Adrian Johns

 

On his book Death of a Pirate: British Radio and the Making of the Information Age

Cover Interview of December 08, 2010

The wide angle

Death of a Pirate tells a story about the politics of media from the 1920s to the present.

Broadcasting was something radically new when it arrived after World War I, and nobody knew for sure what form it should take.  In Britain, a semi-autonomous state corporation, the British Broadcasting Corporation, was created to make radio into a public service.  It was a great success, and by the 1930s British politicians were arguing that the BBC represented a model for the future of the country’s economy as a whole.

But conservative critics despised the corporation, and amateur experimenters resented its monopoly on the airwaves.

After WWII, the conservatives mounted a fresh campaign to eliminate the BBC, reasoning that if the BBC could be dethroned then much of the social-democratic consensus would follow.  In their eyes the great modern struggle in politics and economics between laissez faire and intervention—between Friedrich Hayek and John Maynard Keynes—might come down to this.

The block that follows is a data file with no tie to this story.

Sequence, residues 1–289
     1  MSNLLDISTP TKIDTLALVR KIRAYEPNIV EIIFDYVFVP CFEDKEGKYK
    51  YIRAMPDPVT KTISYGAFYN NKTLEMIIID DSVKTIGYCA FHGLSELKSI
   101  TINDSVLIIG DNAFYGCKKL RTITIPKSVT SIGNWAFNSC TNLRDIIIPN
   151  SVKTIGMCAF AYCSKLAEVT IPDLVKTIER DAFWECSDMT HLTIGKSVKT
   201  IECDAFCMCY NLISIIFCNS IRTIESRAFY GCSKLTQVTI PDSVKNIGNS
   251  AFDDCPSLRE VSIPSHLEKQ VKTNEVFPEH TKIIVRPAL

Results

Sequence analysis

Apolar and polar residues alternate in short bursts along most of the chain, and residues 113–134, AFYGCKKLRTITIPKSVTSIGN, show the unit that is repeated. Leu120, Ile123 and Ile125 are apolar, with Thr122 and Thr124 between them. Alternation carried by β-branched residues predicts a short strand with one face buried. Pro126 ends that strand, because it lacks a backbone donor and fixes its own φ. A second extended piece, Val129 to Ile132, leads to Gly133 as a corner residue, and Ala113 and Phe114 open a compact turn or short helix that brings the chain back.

The wave of pirate radio enterprises in the Sixties offered them an opportunity.  It led to a wide-ranging debate about the media and public culture.

Death of a Pirate shows how that debate came to pass, and how it was resolved.

One outcome was a harbinger of the new age of digital libertarianism, in the form of what Wired magazine called the world’s first online data haven—a soi-disant nation called Sealand, originally established in 1967 in a bid to allow pirate radio to survive the aftermath of Calvert’s death.

The book thus describes a crisis of media piracy—a moment when a medium and its relationship to society had to be redefined, calling into question long-cherished impressions of the society itself.

This is not the only such crisis to have occurred in modern history.  I give a broader account of their history in Piracy—which I discussed on Rorotoko before.

In writing that book I came to believe that modern history has seen a series of crises of intellectual piracy, extending back to at least 1700.  The basic terms of engagement between creativity, commerce, and culture, have been redefined in those crises.  What happened in 1966 was one of them—and perhaps, for us today, the most important one.